Having previously read several Jojo Moyes books I was pretty sure what to expect – captivating characters, a great plot and quality writing. And that is exactly what I got. The plot itself is typical rom-com fodder, but the important thing is the way it is told. Jojo Moyes has the ability to make her characters come to life on the page. 

We all know how hard it can be to recover when life when knocks us down, and how difficult it can be to retain our optimism when you feel that universe is conspiring against us. But that eternal optimism despite everything life has thrown at her is what makes the leading lady, Jess Thomas, such an endearing character. Despite having to hold down two jobs to keep her and her two children fed and watered, she remains confident that things will get better. 

On the other hand, Ed Nichols has it all: the perfect job, a flat in London, a holiday home by the sea, his own company and, on the face of it, a bright future.

But all is not as it seems, and that is where the story begins. 

The One Plus One is a modern love story with just a hint of the Romeo and Juliet about it. But like all good books, there is a lot more going on underneath the surface. Jess’s optimism is tested to its limits by the circumstances of a life she no longer seems to have any control over. But it is that very “silver lining” approach that turns Ed’s life around. As he faces losing everything he has ever worked for, seeing at first hand Jess’s determination to do the best for her children is something of a revelation. He begins to realise that for one he has the opportunity to do some real good, to do something that will improve the life of someone else.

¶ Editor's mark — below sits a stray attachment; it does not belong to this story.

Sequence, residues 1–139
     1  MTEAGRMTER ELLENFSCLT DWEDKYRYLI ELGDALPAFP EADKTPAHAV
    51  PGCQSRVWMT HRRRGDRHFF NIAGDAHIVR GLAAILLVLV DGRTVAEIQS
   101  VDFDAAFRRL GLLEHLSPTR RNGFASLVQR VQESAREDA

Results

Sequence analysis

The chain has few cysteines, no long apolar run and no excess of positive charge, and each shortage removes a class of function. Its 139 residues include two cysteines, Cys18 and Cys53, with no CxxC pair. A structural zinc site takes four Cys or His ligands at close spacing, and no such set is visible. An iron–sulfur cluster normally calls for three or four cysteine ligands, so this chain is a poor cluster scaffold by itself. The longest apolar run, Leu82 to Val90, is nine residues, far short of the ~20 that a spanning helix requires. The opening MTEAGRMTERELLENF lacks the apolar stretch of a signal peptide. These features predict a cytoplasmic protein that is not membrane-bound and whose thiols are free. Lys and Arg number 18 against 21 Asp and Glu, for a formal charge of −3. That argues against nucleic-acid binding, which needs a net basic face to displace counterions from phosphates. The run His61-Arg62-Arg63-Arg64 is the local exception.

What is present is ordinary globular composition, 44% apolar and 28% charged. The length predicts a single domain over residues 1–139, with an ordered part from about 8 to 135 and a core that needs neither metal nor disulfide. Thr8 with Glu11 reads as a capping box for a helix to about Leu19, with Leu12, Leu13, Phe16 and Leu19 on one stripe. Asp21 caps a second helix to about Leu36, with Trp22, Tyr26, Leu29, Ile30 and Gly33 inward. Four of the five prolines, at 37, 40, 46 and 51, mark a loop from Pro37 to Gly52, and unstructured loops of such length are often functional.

It doesn’t hurt that on their journey – physical and metaphorical – they find themselves growing ever closer.

For me, Jojo Moyes is one of those writers that can turn a seemingly simple tale into something quite deep and inspiring. Her characters are easily identifiable and I can’t help feeling some empathy towards them and their plights. Whilst tragedy is always at the heart of a good novel, particularly a love story like this one, humour is also a key element, and in The One Plus One Jojo Moyes gets the balance just right. It is witty, absorbing and a joy to read.